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Phoenix defends anti-discrimination law against challenge to high court

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Breanna Koski and Joanna Duke of Brush and Nib Studio/Alliance Defending Freedom


By Howard Fischer Capitol Media Services via Arizona Daily Star

Phoenix is fighting back against a Christian law firm’s claim to the state’s high court that businesses have a right to refuse providing certain services to gays.

In new legal filings Friday, attorney for the city Eric Fraser said there is no dispute about the heart of the case.

“If a same-sex couple asks Brush & Nib (Studio) for custom wedding products, Brush & Nib will refuse service, regardless of the wording or design the couple wants,” he told the Arizona Supreme Court.

The owners of the firm would make a plain-vanilla wedding invitation listing “Pat and Pat” if it means “Patrick and Patricia” but refuse to make an identical one for “Patrick and Patrick,” he added.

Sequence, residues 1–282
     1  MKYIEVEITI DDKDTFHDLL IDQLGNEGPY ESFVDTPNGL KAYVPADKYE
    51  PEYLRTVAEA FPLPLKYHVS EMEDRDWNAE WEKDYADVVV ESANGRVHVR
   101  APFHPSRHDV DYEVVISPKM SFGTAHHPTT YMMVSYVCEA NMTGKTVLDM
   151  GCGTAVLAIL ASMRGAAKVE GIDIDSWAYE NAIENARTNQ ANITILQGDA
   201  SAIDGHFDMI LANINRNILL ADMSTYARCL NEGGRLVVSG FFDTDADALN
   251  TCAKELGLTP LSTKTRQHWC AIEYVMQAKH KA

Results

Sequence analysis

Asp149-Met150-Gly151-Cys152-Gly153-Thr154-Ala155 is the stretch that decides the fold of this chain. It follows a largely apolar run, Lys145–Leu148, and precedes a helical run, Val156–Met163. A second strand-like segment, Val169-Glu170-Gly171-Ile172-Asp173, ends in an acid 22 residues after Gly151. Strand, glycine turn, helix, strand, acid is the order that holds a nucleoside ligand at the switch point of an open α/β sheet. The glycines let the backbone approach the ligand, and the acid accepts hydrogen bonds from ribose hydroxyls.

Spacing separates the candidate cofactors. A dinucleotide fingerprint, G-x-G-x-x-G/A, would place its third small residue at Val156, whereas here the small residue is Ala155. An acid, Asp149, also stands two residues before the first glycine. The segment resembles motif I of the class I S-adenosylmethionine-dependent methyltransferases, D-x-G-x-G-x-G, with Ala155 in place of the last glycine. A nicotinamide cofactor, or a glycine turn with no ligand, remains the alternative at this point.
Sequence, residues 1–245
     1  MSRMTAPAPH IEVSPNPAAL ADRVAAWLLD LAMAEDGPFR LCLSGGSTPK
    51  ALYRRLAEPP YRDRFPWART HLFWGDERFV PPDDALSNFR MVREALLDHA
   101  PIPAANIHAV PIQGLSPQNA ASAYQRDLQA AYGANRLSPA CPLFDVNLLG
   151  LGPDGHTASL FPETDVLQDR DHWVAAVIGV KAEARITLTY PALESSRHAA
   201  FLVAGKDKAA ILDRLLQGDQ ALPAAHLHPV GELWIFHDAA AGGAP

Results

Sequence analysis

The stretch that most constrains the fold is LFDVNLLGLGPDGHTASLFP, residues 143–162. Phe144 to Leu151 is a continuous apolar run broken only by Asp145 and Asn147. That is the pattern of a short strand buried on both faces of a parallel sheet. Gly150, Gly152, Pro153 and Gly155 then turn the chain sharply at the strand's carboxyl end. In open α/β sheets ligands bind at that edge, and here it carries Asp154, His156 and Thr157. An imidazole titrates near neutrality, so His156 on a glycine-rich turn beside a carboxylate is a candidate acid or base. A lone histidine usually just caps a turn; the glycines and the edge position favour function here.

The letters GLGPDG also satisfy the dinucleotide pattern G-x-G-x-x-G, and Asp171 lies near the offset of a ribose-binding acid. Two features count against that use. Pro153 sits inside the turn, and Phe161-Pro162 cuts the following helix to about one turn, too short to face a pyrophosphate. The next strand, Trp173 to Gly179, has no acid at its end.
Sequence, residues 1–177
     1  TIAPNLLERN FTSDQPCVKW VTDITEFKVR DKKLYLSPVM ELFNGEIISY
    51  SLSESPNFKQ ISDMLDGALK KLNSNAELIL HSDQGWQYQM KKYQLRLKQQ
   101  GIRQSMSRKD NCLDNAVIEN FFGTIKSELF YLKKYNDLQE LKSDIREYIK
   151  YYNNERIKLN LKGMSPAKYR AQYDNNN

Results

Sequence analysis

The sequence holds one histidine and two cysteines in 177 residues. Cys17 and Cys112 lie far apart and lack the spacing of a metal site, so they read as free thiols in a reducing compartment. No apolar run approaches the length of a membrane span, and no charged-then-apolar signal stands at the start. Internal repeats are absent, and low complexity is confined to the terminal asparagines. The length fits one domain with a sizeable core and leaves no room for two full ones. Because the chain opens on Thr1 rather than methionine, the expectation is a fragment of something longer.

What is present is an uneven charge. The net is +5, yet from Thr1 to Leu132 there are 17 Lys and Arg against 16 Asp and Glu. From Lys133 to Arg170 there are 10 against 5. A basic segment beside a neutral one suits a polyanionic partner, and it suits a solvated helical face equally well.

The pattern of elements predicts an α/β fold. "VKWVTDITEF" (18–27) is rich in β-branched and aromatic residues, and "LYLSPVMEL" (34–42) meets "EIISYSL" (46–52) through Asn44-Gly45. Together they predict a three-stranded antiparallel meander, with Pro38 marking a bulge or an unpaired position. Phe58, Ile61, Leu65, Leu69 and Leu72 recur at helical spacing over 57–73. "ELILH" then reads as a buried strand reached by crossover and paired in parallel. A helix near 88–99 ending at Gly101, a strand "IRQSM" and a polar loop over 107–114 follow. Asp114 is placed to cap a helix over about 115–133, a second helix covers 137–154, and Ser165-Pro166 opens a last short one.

“That’s why this case is about commerce, not speech, art, or religious beliefs,” Fraser wrote. “Under settled law, the government does not infringe the freedom of speech or religion by prohibiting public accommodations from refusing service based on a customer’s race, religion, sexual orientation, etc.”

Put simply, Fraser said, if a business is willing to do wedding invitations, place cards and similar material for heterosexual couples, it cannot refuse to do the same thing for another couple simply because both are the same sex.

What the high court decides has implications beyond the Phoenix anti-discrimination ordinance.


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  • Published: 2 years ago on September 10, 2018
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  • Last Modified: September 10, 2018 @ 6:33 pm
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